Touting slogans like "You can run but you can hide" and "Pay child support on time or do time," several state attorneys general are using their legal and political clout to make life uncomfortable for parents who fail to pay child support.
Michigan Attorney General Mike Cox officially launched a program last month that will pursue criminal charges against parents who owe more than $40,000 in child support. If convicted of criminal non-support, Michigan parents face up to four years in prison.
All 50 states have laws that make failing to pay child support a crime, according to Geraldine Jensen, president of the Association for Children for Enforcement of Support (ACES), a non-profit based in Ann Arbor, Mich.
The Federal Office of Child Support estimates the total amount of unpaid child support exceeds $90 billion nationwide.
Child support delinquency burdens taxpayers, who often foot the bill for extra health and social services that child support covers. Cox's office estimated that Michigan taxpayers have picked up the tab for $3 billion in health and social services as a result of unpaid child support.
Cox said he hopes to use the "bully pulpit of government" to pressure parents into paying child support.
A new public awareness campaign, funded by corporate sponsors including General Motors, will pay for 39 billboards in Michigan. Each billboard will tell drivers either "Pay child support on time or do time" or, "We never treat deadbeats with kid gloves." A picture of handcuffs will dominate the "kid gloves" signs.
Michigan prosecutors will target parents who have the means to make pay child support, according to Matt Davis, a spokesman for Cox.
"We're going to take the low hanging fruit first. It could be a doctor, a dentist, an accountant, whoever. With all those professions, it's going to be the threat of imprisonment that makes them pay," he said.
Cox's efforts, which have netted $725,000 since April, will only make a dent in Michigan, where parents owe more than $7 billion, according to a report by the Federal Office of Child Support.
Jensen believes that Michigan's new program will encourage parents to keep up with child support by stigmatizing those who don't pay. For now, she says, that stigma doesn't exist.
"It's like they don't take the obligation seriously. One could compare it to a situation where you never paid your light bill and they never turned the lights off. How many people would pay?"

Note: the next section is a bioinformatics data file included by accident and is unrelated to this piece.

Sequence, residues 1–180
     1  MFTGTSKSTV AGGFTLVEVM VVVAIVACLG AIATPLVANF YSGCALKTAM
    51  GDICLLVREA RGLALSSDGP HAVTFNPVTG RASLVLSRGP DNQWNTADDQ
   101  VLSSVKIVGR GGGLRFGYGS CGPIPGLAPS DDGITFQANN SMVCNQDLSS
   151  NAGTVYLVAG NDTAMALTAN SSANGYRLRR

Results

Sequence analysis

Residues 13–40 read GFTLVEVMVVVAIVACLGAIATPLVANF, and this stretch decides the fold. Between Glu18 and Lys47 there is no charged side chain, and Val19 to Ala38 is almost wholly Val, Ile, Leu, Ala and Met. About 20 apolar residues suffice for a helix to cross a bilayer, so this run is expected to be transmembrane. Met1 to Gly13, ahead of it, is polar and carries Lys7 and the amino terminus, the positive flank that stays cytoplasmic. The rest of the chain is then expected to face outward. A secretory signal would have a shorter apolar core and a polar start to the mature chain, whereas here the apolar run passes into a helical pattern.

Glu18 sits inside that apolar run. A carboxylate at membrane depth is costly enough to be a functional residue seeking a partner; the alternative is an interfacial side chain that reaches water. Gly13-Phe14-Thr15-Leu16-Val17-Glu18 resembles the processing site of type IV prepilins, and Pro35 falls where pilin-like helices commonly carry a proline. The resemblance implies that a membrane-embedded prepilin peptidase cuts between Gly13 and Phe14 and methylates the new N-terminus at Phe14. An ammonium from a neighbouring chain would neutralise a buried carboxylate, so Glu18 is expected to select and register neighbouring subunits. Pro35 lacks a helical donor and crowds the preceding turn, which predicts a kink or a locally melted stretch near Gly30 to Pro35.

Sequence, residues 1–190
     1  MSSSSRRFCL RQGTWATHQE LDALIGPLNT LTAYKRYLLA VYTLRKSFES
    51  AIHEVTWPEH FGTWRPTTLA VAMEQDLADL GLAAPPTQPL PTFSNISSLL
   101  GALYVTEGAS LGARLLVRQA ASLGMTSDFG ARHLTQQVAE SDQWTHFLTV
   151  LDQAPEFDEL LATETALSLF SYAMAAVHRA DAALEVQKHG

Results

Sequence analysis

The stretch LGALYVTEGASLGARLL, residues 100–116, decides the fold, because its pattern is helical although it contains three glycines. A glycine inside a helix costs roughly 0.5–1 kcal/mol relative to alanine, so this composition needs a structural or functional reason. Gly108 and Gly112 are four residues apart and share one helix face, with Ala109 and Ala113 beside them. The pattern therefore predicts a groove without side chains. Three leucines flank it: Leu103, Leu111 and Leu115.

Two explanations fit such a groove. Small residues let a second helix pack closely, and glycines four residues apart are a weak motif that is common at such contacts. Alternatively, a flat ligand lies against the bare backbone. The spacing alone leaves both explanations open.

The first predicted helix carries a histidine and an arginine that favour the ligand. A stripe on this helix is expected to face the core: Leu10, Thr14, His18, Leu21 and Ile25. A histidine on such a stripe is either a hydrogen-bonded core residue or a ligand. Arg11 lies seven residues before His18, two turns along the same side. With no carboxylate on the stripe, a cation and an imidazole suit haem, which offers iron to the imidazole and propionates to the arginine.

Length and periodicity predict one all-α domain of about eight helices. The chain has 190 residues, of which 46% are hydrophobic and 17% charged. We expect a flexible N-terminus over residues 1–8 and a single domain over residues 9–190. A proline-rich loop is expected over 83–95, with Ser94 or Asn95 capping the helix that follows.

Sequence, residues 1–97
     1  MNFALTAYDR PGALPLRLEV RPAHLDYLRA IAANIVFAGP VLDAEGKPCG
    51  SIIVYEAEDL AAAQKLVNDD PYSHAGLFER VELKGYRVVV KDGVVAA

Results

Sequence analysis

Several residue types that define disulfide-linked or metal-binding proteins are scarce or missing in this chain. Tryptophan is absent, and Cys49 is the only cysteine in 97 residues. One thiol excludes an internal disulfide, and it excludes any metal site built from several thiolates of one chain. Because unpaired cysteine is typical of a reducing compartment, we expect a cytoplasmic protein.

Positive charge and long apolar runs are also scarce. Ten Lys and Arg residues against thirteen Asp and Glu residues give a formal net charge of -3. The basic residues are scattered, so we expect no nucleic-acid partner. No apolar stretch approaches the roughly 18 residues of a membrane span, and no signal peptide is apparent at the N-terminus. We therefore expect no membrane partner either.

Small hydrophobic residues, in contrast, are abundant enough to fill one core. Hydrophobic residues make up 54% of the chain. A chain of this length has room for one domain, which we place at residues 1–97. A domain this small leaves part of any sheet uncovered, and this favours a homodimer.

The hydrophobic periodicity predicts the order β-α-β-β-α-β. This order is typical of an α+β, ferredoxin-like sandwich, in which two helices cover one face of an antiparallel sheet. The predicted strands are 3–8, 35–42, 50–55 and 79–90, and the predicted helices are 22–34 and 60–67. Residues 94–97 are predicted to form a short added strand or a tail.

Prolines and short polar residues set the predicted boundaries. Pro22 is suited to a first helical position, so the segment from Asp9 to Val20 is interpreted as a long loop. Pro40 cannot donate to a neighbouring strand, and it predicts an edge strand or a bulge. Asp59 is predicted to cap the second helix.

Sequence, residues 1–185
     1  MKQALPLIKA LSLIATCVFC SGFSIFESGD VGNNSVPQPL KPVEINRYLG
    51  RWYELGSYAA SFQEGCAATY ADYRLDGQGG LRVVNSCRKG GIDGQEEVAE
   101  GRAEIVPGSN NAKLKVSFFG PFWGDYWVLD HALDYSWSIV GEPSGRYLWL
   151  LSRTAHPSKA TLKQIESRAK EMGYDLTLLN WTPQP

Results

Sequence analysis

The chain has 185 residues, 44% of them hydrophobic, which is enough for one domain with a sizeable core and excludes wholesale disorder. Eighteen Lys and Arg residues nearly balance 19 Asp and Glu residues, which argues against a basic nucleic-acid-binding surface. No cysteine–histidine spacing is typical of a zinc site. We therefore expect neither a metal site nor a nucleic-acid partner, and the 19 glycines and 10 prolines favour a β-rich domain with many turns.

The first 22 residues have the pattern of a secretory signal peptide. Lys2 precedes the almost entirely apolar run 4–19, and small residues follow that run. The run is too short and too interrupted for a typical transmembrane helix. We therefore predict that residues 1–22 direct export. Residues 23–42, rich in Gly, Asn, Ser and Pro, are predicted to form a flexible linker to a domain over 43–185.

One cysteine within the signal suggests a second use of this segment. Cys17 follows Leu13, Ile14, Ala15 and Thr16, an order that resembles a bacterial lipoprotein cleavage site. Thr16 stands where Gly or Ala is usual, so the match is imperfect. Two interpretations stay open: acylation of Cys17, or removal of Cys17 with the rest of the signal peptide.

Attorneys General in other states are also taking aim at deadbeat parents.
In July Missouri Attorney General Jay Nixon began filing civil suits to strip people who have failed to pay child support of their professional licenses.
Among Nixon's first targets were two medical doctors, three chiropractors, a beautician, a tattooist and a professional wrestler, The Kansas City Star reported.
Scott Holste, a spokesperson for Nixon's office, said that the attorney general's efforts are designed more to scare parents into paying child support than as a form of retribution.
"The suspension of the license does not provide child support money to the children to whom it's due. That is just one of the ways we want to get [the parents'] attention."
The Mississippi attorney general's office has an 18-month-old "You Can Run But You Can't Hide Division," which has been prosecuting parents who owe child support.
According to Nancy East, who heads the division, prosecutors pursue criminal charges once other methods of collecting child support, such as income withholding or driver's license suspension, have failed.
In Mississippi, as in other states, those convicted of criminal non-support sometimes go to a restitution center instead of a penitentiary. Most restitution centers have programs that help convicts find jobs and begin paying their child support debts.
ACES President Geraldine Jensen said she believes that tougher enforcement of child support laws by Attorneys General will ultimately translate into concrete benefits for children.
"Strict enforcement is the key to make sure that fewer children live in poverty," she said.